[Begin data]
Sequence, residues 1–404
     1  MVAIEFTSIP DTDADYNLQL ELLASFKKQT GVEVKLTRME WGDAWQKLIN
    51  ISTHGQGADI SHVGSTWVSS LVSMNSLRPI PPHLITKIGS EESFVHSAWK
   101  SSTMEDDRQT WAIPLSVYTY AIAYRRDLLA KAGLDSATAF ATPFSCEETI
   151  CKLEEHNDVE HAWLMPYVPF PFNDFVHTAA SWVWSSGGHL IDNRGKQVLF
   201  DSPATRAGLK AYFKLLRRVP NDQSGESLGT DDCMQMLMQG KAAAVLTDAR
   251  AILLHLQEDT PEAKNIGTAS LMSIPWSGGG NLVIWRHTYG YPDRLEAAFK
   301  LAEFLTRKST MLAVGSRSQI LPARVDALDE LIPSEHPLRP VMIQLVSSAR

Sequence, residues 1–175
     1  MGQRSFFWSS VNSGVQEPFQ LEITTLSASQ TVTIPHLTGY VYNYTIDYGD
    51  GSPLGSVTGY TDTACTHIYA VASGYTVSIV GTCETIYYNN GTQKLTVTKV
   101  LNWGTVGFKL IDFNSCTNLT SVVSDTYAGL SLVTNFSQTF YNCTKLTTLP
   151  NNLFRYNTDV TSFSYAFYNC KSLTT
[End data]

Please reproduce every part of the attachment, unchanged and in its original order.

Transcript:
Sequence, residues 1–404
     1  MVAIEFTSIP DTDADYNLQL ELLASFKKQT GVEVKLTRME WGDAWQKLIN
    51  ISTHGQGADI SHVGSTWVSS LVSMNSLRPI PPHLITKIGS EESFVHSAWK
   101  SSTMEDDRQT WAIPLSVYTY AIAYRRDLLA KAGLDSATAF ATPFSCEETI
   151  CKLEEHNDVE HAWLMPYVPF PFNDFVHTAA SWVWSSGGHL IDNRGKQVLF
   201  DSPATRAGLK AYFKLLRRVP NDQSGESLGT DDCMQMLMQG KAAAVLTDAR
   251  AILLHLQEDT PEAKNIGTAS LMSIPWSGGG NLVIWRHTYG YPDRLEAAFK
   301  LAEFLTRKST MLAVGSRSQI LPARVDALDE LIPSEHPLRP VMIQLVSSAR

Sequence, residues 1–175
     1  MGQRSFFWSS VNSGVQEPFQ LEITTLSASQ TVTIPHLTGY VYNYTIDYGD
    51  GSPLGSVTGY TDTACTHIYA VASGYTVSIV GTCETIYYNN GTQKLTVTKV
   101  LNWGTVGFKL IDFNSCTNLT SVVSDTYAGL SLVTNFSQTF YNCTKLTTLP
   151  NNLFRYNTDV TSFSYAFYNC KSLTT